Which is just as well because DH had 3 months out of work following a disciplinary thing, then years later in a different job was diagnosed with cancer and was off work for a year for treatment, then the cancer returned and he died. Me and DC would have been well and truly stuffed if I'd let my career go when they were young and wasn't able to support us.

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nca · 24/07/2022 19:48

I was.

It screwed me over for years post divorce and I'm only getting out of it now in my 50s.

I would tell any woman not to do it

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Rwealere · 24/07/2022 19:55

If you’re in a relationship with anyone you can you can make yourself financially vulnerable just stop and think about it, but no, why do that let’s just go with the stereotype that all SAHMs are air heads or gold diggers, much simpler.

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NerrSnerr · 24/07/2022 19:57

It depends on the situation. Some people are able to protect themselves to some extent for example I have friends who are nurses who do a small amount of bank/ agency to keep their registration so they'll have work to fall back on if and when is needed.

Others clearly are very vulnerable, you see many posts on here from women who want to leave their partners, don't have a penny to their name, can't work as their partner won't contribute to childcare etc.

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saraclara · 24/07/2022 19:59

I was a SAHM for a few years and I thought it through very carefully. I weighed up the pros and cons, I knew I could get occasional supply work if I needed a cash top up (I was a teacher) and I knew I could get a job again very easily if the chips were down.
It was a lovely time, I kept in touch with schools I knew, and went straight back into part time or temporary contracts when my youngest started school. I liked keeping that bit of control over my life at that point. Then when I was established at a school that I liked, I went permanent when they offered me a contract.

Yes, my pension was affected to a point, but that's the only downside. And we saved hard to make sure that our retirements would be comfortable enough.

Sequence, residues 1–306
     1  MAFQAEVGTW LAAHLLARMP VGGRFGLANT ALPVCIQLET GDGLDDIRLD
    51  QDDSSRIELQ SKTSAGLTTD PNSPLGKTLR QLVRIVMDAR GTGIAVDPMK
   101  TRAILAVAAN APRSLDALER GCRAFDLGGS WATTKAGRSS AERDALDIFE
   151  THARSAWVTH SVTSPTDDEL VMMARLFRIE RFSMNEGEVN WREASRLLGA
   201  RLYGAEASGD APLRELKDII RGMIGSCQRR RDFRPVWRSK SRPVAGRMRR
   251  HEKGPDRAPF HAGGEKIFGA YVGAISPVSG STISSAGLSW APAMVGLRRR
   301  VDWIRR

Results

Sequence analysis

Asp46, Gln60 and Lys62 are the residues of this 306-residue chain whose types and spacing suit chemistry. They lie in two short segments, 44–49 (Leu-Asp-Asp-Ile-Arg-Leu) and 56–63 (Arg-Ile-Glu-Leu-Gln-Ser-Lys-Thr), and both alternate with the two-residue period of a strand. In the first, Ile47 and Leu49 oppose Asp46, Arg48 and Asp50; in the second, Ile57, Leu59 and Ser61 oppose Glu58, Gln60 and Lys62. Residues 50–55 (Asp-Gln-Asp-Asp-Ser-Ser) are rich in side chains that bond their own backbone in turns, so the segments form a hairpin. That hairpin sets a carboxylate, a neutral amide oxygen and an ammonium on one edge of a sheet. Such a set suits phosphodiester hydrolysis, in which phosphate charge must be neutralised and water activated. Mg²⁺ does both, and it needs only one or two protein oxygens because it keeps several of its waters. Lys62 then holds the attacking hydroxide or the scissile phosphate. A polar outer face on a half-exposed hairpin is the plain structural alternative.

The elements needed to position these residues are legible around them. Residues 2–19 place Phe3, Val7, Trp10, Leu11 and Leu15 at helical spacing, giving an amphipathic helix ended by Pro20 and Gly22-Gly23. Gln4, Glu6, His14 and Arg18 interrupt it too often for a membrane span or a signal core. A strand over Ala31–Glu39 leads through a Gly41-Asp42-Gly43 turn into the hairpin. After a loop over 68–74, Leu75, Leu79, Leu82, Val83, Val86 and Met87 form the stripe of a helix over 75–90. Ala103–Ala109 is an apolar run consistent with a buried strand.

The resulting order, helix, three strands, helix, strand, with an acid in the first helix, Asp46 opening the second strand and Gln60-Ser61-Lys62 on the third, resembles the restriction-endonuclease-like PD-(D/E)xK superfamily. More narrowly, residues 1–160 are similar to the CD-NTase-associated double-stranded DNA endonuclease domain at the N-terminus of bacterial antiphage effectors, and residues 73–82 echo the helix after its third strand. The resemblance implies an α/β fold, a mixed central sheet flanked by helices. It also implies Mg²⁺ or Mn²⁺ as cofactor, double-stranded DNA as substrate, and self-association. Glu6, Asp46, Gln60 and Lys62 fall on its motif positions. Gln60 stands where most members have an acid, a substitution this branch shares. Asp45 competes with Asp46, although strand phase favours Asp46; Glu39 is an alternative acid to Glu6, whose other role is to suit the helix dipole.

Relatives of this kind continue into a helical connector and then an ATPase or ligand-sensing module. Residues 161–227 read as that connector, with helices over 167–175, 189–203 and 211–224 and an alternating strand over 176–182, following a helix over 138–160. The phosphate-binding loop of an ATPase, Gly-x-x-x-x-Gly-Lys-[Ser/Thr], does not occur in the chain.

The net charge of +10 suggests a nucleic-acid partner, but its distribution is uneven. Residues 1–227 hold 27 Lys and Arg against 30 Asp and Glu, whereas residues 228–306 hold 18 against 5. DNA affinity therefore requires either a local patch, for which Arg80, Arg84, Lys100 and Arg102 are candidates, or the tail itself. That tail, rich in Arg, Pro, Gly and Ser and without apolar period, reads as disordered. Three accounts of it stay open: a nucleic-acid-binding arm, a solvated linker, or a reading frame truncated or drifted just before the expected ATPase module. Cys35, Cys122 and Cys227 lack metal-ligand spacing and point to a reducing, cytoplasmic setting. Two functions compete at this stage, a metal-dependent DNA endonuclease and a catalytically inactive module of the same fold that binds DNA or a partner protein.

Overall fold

I don't know why you assume that SAHMs don't think this stuff through. I imagine that most will these days.

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WillitFit · 24/07/2022 20:00

Rwealere · 24/07/2022 19:55

If you’re in a relationship with anyone you can you can make yourself financially vulnerable just stop and think about it, but no, why do that let’s just go with the stereotype that all SAHMs are air heads or gold diggers, much simpler.

I don't think that's the suggestion at all. Far from being gold diggers I think SAMHs often get themselves into difficulties by not worrying about money at all.

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C0mfyChairP0se · 24/07/2022 20:00

If they divorce they will have some entitlement to their x's pension(s) or they'll be an adult dependent on their H's state pension.

I think the trouble is where the man just disappears or decides not to pay a cent.

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Topgub · 24/07/2022 20:00

@saraclara

Why do you think men don't choose it?

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Surgarblossom · 24/07/2022 20:02

Topgub · 24/07/2022 19:09

I dont and never have depended on my partner. Financially or otherwise.

This

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PeasOff · 24/07/2022 20:03

@Allmarbleslost Because I can't be arsed to and doubt the threads would be very active now.

@MakkaPakkas Feel free to scroll on if you don't want to engage!

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SaltyCrisp · 24/07/2022 20:05

Would or do you depend on your partner financially?

I wouldn't depend on a partner financially but my husband was the sole earner when DC were small. Wouldn't dream of putting very young children in child care - personal choice before anyone takes offence.

Do you have a backup in place in case of breakup

Yes, a marriage certificate.

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malika3 · 24/07/2022 20:07

YABU.

The SAHMs I know are possibly some of the least financially vulnerable women in the U.K.

If you live in a house worth £2/£3/£5/£10 million, you are hardly financially vulnerable are you? Even if you only get £1m or £500k or £200k, compared to the average woman in the U.K., they are are hardly poor.

So much misunderstanding in MN about SAHMs, but can I please make this clear -

SAHMS DO NOT MAKE THEMSELVES INCOME DEPENDENT. IT IS ABOUT FAMILY WEALTH AND ASSETS. A CERTAIN LEVEL OF WEALTH AND ASSETS MEAN YOU DON'T NEED TWO WORKING PARENTS - AKA YOU CAN AFFORD TO BE A SAHM.

Sorry to shout, but I don't understand why people on MN can't grasp this.